Sanders draws record crowd


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By Jillian Jennett
Staff Writer

Bernie Sanders giving a speech

(Photo from The Washington Post)

Bernie Sanders, Democratic hopeful for the 2016 presidential race, made headlines drawing the biggest crowds of any candidate in Boston’s history last Saturday. Tens of thousands gathered in the Boston Convention Center to hear his hour-and-a-half speech, in which he touched on topics that would make any college student’s heart sing.

The room erupted into thunderous applause when he took to the podium to speak. The 76-year-old candidate, wearing a white button down and blue blazer, started his speech exactly when he promised he would, something almost unheard of for a politician of this caliber. He spent the first several minutes of his speech thanking those in attendance for their support and spoke to how awed he was to be in a room full of said individuals.

“We are running a people’s campaign and while the millionaires and billionaires have something we don’t have, we have something they don’t have,” said Sanders. “Look around this room!”

Sanders chose to speak on a wide range of topics, fully covering the foundation of what his campaign is built upon. He began his speech with criticisms of his GOP opponents and how their policies would directly harm the U.S. and its citizens. Sanders made specific note of his negative opinion of the Keystone Pipeline and his history of opposition on several policies, once supported by his contemporaries, years before his bid for the election began.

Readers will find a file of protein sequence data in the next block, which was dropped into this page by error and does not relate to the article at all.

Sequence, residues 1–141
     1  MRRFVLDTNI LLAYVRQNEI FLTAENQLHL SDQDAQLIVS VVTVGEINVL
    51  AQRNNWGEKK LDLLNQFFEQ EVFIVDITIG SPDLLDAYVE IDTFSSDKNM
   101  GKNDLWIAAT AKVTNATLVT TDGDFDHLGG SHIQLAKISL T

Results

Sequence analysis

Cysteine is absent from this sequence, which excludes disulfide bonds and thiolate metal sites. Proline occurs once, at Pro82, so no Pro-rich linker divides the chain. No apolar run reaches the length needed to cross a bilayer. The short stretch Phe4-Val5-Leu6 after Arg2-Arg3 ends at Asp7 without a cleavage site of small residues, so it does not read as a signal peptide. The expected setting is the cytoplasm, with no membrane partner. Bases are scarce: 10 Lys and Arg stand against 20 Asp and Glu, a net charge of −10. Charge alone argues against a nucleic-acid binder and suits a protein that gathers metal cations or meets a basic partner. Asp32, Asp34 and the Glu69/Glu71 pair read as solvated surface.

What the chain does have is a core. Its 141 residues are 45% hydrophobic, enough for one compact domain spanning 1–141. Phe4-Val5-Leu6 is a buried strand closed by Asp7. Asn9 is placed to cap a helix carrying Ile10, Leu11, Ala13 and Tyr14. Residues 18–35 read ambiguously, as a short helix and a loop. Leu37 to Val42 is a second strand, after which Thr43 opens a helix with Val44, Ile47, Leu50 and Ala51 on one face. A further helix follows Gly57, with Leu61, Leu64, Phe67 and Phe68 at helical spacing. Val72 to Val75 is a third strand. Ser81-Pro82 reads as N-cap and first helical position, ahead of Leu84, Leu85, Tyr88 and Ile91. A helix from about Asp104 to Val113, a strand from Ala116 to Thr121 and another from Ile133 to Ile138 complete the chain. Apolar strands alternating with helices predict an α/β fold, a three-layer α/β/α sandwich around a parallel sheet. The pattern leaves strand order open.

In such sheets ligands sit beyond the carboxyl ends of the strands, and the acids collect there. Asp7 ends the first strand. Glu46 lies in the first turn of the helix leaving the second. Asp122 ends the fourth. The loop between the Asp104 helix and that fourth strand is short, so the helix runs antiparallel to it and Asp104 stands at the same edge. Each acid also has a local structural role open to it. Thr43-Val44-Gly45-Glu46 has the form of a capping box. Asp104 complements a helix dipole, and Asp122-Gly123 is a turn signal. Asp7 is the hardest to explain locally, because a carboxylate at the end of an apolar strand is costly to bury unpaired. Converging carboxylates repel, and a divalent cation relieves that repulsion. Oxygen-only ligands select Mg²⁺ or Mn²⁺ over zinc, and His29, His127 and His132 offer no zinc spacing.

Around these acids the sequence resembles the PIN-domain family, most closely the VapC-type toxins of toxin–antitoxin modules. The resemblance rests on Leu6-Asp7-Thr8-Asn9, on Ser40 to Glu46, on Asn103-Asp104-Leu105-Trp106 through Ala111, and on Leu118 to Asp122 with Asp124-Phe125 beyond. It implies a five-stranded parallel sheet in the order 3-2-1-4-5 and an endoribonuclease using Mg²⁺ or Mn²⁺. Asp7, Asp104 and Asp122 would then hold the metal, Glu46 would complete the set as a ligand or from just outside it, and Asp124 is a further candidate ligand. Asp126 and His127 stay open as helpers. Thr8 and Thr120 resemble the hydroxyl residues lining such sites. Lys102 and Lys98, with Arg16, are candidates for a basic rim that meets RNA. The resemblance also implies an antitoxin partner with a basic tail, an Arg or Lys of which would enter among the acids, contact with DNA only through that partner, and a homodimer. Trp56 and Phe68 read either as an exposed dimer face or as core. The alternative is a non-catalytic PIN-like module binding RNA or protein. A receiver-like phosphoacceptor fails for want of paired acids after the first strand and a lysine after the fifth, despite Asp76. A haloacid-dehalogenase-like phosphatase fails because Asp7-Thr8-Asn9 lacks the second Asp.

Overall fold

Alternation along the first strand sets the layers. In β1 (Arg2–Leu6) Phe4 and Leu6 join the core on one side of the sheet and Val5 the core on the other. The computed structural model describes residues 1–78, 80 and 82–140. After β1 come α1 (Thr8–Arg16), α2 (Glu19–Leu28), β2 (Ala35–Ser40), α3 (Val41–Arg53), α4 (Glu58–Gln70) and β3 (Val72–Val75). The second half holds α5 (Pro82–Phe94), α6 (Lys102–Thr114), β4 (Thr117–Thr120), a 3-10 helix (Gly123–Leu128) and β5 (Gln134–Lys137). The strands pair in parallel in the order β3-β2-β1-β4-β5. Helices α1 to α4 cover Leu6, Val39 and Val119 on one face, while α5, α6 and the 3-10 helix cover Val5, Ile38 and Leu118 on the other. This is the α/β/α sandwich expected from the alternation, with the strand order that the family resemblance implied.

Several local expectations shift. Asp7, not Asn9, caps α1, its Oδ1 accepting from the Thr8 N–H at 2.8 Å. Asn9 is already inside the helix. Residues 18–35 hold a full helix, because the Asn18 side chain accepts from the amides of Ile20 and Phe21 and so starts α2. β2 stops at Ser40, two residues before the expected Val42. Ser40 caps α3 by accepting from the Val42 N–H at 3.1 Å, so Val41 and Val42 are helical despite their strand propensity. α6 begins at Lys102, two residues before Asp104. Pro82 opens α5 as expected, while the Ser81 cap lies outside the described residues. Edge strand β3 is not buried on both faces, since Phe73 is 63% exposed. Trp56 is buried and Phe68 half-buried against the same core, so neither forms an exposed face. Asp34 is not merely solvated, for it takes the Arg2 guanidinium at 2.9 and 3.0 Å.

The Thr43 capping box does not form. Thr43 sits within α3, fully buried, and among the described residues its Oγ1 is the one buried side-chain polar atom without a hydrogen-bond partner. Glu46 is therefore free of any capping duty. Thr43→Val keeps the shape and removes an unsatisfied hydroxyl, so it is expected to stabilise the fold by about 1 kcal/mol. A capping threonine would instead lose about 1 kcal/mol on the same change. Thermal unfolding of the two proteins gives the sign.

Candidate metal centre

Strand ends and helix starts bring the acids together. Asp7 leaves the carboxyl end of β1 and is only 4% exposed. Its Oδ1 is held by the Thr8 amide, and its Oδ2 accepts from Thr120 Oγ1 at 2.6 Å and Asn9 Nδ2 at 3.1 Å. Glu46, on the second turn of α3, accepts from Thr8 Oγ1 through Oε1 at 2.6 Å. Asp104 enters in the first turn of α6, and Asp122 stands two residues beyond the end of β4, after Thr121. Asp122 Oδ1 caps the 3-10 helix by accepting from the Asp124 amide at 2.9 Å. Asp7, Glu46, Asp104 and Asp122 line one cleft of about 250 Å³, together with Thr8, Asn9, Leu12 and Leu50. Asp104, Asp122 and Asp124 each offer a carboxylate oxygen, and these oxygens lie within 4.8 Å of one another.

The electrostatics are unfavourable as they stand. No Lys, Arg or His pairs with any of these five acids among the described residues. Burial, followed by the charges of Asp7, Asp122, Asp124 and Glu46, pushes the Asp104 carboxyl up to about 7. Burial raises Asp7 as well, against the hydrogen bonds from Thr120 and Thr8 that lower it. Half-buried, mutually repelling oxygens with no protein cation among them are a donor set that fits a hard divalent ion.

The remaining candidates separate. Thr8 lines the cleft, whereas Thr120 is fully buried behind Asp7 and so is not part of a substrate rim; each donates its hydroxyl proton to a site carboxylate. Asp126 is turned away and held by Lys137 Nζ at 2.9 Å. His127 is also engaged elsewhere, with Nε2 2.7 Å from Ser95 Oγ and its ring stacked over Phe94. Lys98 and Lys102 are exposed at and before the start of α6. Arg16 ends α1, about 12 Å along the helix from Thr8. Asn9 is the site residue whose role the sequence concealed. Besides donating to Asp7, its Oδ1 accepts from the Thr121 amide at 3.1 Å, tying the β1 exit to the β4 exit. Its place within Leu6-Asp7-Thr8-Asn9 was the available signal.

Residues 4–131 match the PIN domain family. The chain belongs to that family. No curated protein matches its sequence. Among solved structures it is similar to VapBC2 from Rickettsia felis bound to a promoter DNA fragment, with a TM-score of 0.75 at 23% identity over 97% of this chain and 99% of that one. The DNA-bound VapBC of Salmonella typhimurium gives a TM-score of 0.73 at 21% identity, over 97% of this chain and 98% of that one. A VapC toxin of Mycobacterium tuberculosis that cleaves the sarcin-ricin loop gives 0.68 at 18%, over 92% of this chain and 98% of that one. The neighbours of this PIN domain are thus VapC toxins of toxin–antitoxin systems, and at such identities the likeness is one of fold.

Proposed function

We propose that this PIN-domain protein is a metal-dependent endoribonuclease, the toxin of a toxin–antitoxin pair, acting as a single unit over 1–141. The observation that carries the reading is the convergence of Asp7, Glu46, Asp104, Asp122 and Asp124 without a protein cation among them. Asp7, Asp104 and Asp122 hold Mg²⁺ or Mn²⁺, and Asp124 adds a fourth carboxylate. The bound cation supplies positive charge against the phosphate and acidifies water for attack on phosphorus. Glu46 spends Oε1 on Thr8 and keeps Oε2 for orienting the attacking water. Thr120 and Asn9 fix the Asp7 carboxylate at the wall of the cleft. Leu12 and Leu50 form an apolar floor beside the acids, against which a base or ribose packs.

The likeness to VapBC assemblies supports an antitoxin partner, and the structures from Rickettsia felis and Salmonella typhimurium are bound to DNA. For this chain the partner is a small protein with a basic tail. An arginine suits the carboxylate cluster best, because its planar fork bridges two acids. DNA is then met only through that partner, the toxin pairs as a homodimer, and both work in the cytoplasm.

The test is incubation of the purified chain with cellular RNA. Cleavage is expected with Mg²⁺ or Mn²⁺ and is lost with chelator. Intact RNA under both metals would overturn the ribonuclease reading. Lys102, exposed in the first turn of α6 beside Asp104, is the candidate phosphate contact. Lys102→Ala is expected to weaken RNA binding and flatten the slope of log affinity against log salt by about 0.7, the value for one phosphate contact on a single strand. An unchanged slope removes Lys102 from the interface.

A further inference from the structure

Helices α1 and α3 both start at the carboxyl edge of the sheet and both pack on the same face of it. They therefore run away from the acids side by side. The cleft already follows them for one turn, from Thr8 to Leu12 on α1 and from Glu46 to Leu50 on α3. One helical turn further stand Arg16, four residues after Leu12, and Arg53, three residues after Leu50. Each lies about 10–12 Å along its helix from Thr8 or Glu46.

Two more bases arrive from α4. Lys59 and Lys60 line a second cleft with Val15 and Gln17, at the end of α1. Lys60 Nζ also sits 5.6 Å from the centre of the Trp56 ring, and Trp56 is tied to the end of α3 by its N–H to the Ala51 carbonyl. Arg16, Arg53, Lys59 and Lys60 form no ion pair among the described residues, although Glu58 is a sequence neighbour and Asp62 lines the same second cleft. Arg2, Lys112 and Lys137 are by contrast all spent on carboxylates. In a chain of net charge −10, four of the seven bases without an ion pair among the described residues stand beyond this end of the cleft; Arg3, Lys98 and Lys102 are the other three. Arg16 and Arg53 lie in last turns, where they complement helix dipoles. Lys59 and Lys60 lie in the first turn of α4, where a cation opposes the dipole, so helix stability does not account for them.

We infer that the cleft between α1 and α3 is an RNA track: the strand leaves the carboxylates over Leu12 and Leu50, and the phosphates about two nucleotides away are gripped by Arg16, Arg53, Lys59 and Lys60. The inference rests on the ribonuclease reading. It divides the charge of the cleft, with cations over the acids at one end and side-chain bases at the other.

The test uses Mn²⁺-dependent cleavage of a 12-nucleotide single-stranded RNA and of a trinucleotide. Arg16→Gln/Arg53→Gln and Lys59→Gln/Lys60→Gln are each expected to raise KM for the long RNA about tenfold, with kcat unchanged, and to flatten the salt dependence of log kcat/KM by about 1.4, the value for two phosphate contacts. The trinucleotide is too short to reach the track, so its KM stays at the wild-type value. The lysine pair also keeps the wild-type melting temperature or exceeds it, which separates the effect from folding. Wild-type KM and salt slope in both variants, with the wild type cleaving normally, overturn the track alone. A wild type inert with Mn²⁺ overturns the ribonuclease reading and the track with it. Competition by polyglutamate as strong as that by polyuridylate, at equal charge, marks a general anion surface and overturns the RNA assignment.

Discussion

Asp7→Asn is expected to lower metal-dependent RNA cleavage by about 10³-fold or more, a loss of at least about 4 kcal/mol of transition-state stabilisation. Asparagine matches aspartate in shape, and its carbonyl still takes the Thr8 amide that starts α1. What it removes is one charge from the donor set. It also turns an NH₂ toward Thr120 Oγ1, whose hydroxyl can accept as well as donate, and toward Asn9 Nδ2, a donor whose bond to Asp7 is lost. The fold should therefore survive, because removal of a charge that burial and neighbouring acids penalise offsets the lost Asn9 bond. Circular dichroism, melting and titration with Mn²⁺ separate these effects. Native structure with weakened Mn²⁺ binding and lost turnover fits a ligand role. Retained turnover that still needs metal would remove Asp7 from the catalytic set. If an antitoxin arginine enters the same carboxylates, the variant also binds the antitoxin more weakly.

The key points he made note of in his speech ranged from the importance of mental health and the stigma surrounding it as well as the right to accessible healthcare for all. Sanders made direct comparisons to the continued lack of support of LGBTQIA rights issues by his GOP opponents, how he supports said causes, and how the idea of “family values” is faulty in how it is presented by those who do not support health care and rights for all individuals.

“And when we talk about family values,” said Sanders, “we are talking about ending the international embarrassment of the United States of America being the only major country on earth that does not provide paid family and medical leave.”

Sanders closed his speech with a promise to uphold the values that had attracted the crowds in the first place and asked for continued support and excitement throughout the community. As the crowds dissipated, Neil Young’s “‘Rockin’ in the Free World” could be heard bouncing around the convention center walls.